LooseCrew-JeffO: Leadville Silver Rush 50M


Ramblings of an adventurous guy living in Denver and playing in the mountains.
For my trail adventures, visit my Trail Bum blog

Sunday, July 26, 2009

Leadville Silver Rush 50M

I know I'm not supposed to run - but I did.
So there.

I don't have photos, because it rained a lot. Kind of a whole lot. There were hours of perfect weather, though, and the rain wasn't so cold.

The rain started at 3am. I was sleeping in the back of my CR-V, and the air was extremely fresh. Sure beats sleeping in a motel.
Got up at 4:30 - still raining.
When the race started, it had let up mostly, but it was still sprinkling.
Lots of puddles. Hell - there were pools of water in the road.

My plantar was hurting before the race, so it was hurting during the race. But it was tolerable.
First aid station on-time for a PR. No rain.
Printer Boy aid station a few minutes late. That's actually a lot that early in the race. Wasn't feeling good, nor did I feel bad.
And that's the way it stayed, with me falling further and further behind last year's pace. I got to the turn-around way too late.
I decided to just take it easy on the return. If I'm not going to PR, why cause extra trauma to my plantar? I was obviously in terrible condition from months of sedentary living, albiet with a few, er, ultras thrown in here-and-there.

The first climb coming back, I took three puffs from my albuterol asthma inhaler. Came over the top, dropped down to see Ken Klouber on an ATV and low-5'd him on the way by. Then started up Ball Mtn again from the south. As I was breaking treeline again, thunder and lightening started. As I crested the side of Ball Mtn, it started hailing. I put my 4oz rain jacket on, but the hail stung right through it. The lightening was scaring me so I pretty much put the hammer down and ran for my life. It felt very good. At Venir aid station, I only filled one of my 20oz bottles, took no food, and kept racing down the mountain. And it still felt good. My plantar pain was subsiding. I didn't know where all this energy came from, but I sure did appreciate it. I wasn't exactly running like I used to, but not far off.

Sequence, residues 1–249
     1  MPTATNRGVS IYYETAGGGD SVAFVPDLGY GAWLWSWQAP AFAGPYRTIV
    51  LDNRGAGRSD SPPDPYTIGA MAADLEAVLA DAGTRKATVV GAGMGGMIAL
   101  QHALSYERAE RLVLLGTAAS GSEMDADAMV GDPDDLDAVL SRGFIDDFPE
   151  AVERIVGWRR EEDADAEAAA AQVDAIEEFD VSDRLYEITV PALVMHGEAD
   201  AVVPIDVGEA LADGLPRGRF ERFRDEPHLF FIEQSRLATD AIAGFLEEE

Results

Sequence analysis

At the same time, I noticed my quads were loaded with painful lactic acid. I just ignored it and thought, "I'll pay for it tomorrow. Right now I'm busy."

This surge kept going, and it made no sense. How does a guy who is very out-of-shape suddenly shake off fatigue and start running like a maniac after 30 miles?
Coming out of Printer Boy aid station, at about mile 36, I thought of the albuterol. I became pretty sure there was no coincidence. I've experimented with albuterol in the past, but hadn't noticed much benefit. This time around, there was a very big difference! Probably because I was out of shape, it was more dramatic.
So I took a couple more puffs, my last of 3 fish oil capsules, and a caffiene pill. I did NOT want this surge to end!
And it didn't. My plantar hurt less and less. Certainly from an endorpin flood, and ibuprofen and aspirin.
But part of the surge was also caused by a tendon behind my left knee that hurt any time I walked. The only way to make it stop was to run. Kind of a convenient pain, huh?
The last 10 miles, it started raining again. All I had on was a sleeveless UnderArmour shirt. The rain was cold but my body was cranking heat in overdrive. I'll bet if I had stood still, visible steam would have been rising off my body. I didn't bother to put my rain jacket on. I just kept running.
A benefit of the rain was that it didn't make any difference if I ran through a puddle or around it. That made things easier.

Near the end, someone came knocking on my back door. I never found out who it was. I was less than a mile from the finish and wasn't going to get passed. I crossed the finish smiling big.
My 10:47 finish sucks, but those last 20 miles were awesome fun.

Ryan Burch crossed the finish in 7:00:01, missing his sub-7hr finish by a second. I feel guilty. I was returning to the trail from a #2 nature-experience when he ran by. I yelled that he was doing an awesome job. He almost stopped, losing more than a second, I'm sure. Granted, when you stop that briefly, it's a bit of rest, and you tend to go faster right afterwards such that it makes no difference. Pretty much. Probably. But it kind of eats at me. Even as I yelled, in the back of my mind I regretted it.
Can you imagine running the Leadville Silver Rush 50 in 7 hours?

No more running for me.
Until the Leadville 100 four weeks from now.


At 12:14 PM, Blogger mnodurft said...

Nice work! Must feel good to race, even though you weren't totally prepared, and probably shouldn't have run. But I am not the person who should tell you to rest on an injury. What's your prep for Leadville look like if you're not going to run? And how are you set for pacers/crew?


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